By Dave Hannon
I read with interest the recent Top Ten ERP Predictions for 2011 from Panorama Consulting. In fact, like a good blog post should, it got me thinking which of these predictions I agreed with and what I thought was left off their list. So I decided to go out on a limb, put my butt on the line and develop my own list of ERP predictions for 2011.
Prediction #1: ERP goes mobile. As Cloud lightens the back end, mobile lightens the front end of ERP and the software with the reputation for being big and clunky, goes light and fast.
Prediction #2: Dashboards reach lightning speed. I’ve seen a couple demos that have me convinced. Dashboards are the vehicle for turning those mountains of data into actionable information for every end user. But it has to be on-demand and fast. New systems strategies and out-of-the-box designs will make this happen.
Prediction #3: ERP goes SMB. Historically, ERP was synonymous with “Fortune 500” but today, there are a host of models and providers aiming at the small and mid-size user. And with other trends (cloud, mobile, etc.) coming to maturity, ERPs are going to make their way into organizations that would have had you scratching your head a few years ago. New geographies – think Asia – will open up in a big way for ERP vendors in 2011, as well.
Prediction #4: Scope creep takes a fatal blow. ERP customers are getting more vocal and public about what went wrong with their ERP implementation, filing lawsuits and releasing the results of audits that others can le
arn from. And that will finally force ERP vendors and consultants to clearly define project scope prior to implementation and provide what was asked for – no more no less.
Prediction #5: The ERP market will see even stranger bedfellows. Between acquisitions, executives changing teams and expanding product lines, the ERP market is getting somewhat tawdry. And we can expect more of the unexpected next year as vendors have more cash to throw at acquisitions and ax-grinding/marketing. (My darkhorse prediction: A very unexpected IT hardware firm buys a top-10 ERP player in 2011. And by the way, it fails miserably five years later.)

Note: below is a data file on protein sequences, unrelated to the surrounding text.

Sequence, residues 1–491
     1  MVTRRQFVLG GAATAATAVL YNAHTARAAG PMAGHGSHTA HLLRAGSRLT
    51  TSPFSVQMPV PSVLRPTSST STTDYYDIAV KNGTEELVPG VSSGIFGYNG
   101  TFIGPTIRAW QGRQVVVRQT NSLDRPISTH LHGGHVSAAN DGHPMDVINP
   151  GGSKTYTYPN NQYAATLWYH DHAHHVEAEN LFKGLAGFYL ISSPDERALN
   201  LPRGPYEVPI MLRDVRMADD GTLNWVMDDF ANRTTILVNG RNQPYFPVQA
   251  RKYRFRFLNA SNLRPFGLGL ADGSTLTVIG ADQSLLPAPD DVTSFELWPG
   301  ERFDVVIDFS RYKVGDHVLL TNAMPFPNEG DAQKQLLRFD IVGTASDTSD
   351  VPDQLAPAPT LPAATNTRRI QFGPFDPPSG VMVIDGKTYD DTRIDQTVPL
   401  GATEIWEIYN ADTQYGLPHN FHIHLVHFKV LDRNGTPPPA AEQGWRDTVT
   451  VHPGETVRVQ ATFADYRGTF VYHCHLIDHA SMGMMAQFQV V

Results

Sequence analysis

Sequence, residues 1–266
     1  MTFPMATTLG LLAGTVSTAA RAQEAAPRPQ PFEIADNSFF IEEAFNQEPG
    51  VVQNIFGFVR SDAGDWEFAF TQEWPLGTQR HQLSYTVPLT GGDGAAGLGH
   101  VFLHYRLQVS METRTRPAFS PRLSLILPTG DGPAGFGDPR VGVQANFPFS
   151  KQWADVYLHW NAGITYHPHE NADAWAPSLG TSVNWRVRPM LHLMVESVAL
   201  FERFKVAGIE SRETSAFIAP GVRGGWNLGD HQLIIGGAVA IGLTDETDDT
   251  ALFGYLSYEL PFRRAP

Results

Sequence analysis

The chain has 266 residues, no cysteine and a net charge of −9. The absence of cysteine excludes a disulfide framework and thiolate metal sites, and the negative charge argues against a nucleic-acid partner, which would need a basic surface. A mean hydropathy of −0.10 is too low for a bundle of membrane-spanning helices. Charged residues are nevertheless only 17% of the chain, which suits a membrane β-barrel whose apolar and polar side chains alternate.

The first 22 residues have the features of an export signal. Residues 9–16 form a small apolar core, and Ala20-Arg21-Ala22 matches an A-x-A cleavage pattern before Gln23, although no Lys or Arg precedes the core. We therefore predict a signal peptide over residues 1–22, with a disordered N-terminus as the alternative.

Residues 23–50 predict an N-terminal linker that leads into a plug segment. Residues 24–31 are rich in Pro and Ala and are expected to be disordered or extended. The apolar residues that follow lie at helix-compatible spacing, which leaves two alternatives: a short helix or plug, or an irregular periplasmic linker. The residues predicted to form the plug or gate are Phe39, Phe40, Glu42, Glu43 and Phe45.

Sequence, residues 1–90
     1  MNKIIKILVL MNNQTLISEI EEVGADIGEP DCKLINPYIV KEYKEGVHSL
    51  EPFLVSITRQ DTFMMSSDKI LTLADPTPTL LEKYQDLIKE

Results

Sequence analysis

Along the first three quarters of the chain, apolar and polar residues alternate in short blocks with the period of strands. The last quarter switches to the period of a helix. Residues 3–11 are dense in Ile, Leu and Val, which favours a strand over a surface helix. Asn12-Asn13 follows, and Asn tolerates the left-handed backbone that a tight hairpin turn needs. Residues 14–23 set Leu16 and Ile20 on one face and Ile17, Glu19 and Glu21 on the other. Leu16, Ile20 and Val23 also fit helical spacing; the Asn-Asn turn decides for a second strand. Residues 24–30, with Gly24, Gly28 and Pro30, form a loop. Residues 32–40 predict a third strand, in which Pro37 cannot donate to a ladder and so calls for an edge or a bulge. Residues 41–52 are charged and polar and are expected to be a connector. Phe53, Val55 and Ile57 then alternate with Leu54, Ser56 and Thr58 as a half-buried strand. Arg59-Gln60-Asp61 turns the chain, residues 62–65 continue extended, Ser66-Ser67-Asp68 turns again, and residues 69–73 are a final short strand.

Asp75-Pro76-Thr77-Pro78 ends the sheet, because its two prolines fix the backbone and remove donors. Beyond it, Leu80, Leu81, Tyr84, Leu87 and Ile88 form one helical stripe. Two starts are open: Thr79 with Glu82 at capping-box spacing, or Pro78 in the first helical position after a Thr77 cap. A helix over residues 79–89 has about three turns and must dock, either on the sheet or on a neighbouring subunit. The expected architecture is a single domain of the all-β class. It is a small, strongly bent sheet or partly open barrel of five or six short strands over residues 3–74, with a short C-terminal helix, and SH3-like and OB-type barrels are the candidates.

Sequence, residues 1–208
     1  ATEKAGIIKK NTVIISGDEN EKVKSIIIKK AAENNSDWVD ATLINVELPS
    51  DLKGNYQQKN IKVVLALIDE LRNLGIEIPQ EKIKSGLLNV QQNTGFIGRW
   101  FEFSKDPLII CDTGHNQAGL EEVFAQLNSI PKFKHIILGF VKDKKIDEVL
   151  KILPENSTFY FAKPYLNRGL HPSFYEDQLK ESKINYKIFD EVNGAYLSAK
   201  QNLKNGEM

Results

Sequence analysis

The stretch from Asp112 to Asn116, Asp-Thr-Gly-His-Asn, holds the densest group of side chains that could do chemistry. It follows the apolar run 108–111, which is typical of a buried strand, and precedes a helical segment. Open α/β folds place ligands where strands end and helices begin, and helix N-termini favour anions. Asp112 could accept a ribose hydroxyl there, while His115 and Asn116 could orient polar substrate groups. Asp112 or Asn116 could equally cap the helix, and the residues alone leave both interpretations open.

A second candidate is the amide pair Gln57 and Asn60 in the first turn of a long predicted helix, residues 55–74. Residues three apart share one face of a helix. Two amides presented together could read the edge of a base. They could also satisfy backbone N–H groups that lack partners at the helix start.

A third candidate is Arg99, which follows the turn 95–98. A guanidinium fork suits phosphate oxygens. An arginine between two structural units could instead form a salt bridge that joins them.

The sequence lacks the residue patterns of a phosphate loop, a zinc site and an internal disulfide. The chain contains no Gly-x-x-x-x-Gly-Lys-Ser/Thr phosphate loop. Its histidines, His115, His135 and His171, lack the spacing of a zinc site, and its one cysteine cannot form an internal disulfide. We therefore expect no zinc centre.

Prediction #6: SRM is the new CRM. What’s good for the customer is good for the supplier. And all the social, mobile and cloudy trends that make CRM the hot app du jour will find their way to the back end, with much less fanfare, though (everything sales does is just a little “louder” isn’t it?).
Prediction #7: Larry Ellison does something controversial. Yeah, I threw that one in just to make sure I get something right. (My guess is that it will have something to do with Java. Beyond that, I’m not saying because frankly, I can’t afford to be subpoenaed this close to the holidays).
Prediction #8: Data diets. Companies are simply ingesting more data “calories” than they can process and the extra fat is clogging the enterprise arteries (have I taken this metaphor too far yet?). The companies that have become “data fat” will go on a diet and scale back their data consumption, to become leaner and more nimble. It’s a “data diet” and you heard the term here first.
Prediction #9: Good ERP talent will be very hard to hold. ERP programmers, analysts and
project managers will become very hot commodities in 2011. If you’re a manager and you have ERP talent you want to keep, give them a flattering review, a generous raise and a new foosball table heading into 2011 or expect them to be plucked out of your organization by, say, April. Tops.
Prediction #10: ERP vendors go mass market. Companies like SAP and Oracle will no longer be able to sit and watch the consumer market devour all this tasty new IT (mobile apps, social sites) and will begin to make major inroads into consumer-focused software.
Okay those are my bold ERP predictions for 2011. How about yours? And hey, don’t sweat it if you’re way off on them. Personally, if I check back in June and none of these look remotely accurate, I’m going to just delete this blog post and start fresh on my 2012 predictions.